Lighting and Posing for Boudoir Photography

Two versatile examples for lighting and posing, which can be applied to almost any boudoir photo shoot.

 

Lighting Setup for Boudoir Photography: Sandwich-Lighting


Example Photo Sandwich lighting setup for boudoirI like myself a good sandwich! This is one of my favorite set ups. When you make a lighting sandwich, the model is illuminated from both the right and the left side. Such a pattern results in a well-lit contour and a somewhat darker center. Since the usual lighting scheme makes use of the opposite (illuminated front and center, darker outline), this particular setup shines a new light on familiar compositional solutions (no pun intended). Oftentimes I go one step further and shift the light sources to the back, so they give off more light to the background and less to the model.


This is the simplest way to challenge the conventional approach to lighting that is used 99% of the time in boudoir photography – that’s why I recommend it to aspiring photographers and use it quite often myself. With a couple of minor manipulations, you can make your pictures stand out, drawing the attention of the viewers.


For a more challenging variation, you can also add an accent light – it doesn’t stand out much (you have a plenty of light already), but it does contribute to the whole boudoir atmosphere. In the example photo I used the sandwich lighting which was a little more intense compared to the previous shot. This way the body and the buttocks of the model are better illuminated, acquiring more presence and balancing out the scene. The only elements left somewhat downplayed are the face and the arms. In this case, the lighting context is only partially reversed.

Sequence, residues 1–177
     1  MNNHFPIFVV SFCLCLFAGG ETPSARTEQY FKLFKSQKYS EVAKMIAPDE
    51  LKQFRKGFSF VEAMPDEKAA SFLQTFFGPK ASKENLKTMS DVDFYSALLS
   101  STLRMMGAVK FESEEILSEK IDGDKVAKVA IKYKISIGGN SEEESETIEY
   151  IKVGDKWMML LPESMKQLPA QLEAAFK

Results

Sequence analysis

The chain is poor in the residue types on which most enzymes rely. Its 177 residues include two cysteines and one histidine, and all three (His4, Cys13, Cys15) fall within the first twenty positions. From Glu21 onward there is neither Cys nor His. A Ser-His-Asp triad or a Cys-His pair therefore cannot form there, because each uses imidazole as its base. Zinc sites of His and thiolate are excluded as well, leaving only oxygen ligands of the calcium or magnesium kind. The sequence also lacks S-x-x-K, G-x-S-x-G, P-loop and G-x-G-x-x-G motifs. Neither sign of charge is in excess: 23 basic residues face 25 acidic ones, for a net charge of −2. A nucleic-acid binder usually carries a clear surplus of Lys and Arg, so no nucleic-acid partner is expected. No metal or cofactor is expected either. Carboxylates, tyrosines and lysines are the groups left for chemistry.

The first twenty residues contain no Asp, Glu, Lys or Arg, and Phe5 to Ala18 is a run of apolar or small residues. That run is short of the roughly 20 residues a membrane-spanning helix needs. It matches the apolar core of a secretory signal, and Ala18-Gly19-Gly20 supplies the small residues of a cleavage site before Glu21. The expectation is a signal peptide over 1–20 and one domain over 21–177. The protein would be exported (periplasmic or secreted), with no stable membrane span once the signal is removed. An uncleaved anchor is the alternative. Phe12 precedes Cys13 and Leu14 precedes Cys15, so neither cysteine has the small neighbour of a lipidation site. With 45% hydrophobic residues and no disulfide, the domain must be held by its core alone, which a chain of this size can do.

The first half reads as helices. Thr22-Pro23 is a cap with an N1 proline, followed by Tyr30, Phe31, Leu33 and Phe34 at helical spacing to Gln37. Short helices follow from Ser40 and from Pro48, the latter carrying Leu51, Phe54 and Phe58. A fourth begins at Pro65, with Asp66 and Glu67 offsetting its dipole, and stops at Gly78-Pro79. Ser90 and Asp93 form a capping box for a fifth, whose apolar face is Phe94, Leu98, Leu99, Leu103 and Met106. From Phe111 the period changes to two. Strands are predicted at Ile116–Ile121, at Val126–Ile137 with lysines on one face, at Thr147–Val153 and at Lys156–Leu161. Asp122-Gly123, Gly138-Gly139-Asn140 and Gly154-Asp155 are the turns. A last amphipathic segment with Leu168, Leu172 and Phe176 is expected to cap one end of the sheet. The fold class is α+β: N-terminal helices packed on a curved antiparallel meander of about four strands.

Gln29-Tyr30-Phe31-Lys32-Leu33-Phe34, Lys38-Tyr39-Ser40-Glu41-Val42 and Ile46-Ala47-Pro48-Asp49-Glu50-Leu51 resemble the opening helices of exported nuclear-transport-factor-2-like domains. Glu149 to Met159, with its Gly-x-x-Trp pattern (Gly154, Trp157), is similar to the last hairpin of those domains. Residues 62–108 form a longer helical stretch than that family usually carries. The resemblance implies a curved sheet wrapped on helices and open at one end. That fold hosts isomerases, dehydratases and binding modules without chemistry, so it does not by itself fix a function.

Lighting diagram for sandwich lighting setup

 

Posing Example for Boudoir: Horizontal S-Curve


Example photo with horizontal S-curve poseThe importance of good lighting is obvious; good posing, on the other hand, is a rare treat to come by. Many photographers are faulty of putting their models into unnatural, forced and very queer-looking positions. The majority of models, too, don’t seem to have any clue as to how a three-dimensional pose should work on a two-dimensional medium like photography.
Luckily, I can help at least one of you make sense of all this and master the complicated art of posing. It’s never as simple as inviting your model to lie in bed or find a good spot in a bedroom and shooting away. True, such an approach can produce all sorts of pictures, from interesting to downright hilarious, but I strongly doubt that this is what you, your clients or your model are looking for.
Posing requires the photographer and the model to work together; also, one or the other should know what he or she is doing. In order to succeed, you will need a set of guidelines and examples. Luckily, in this chapter you will find all of this and more. In addition, together with this boudoir photography guide I included a cheat sheet with sample poses you can choose from and modify however you see fit. You might want to print out the pages with those positions and look at them together with your client or your model in order to determine which ones will work best.

 

Find more boudoir lighting setups and examples for posing right here in my eBook

The Art of Boudoir Photography with Speedlights.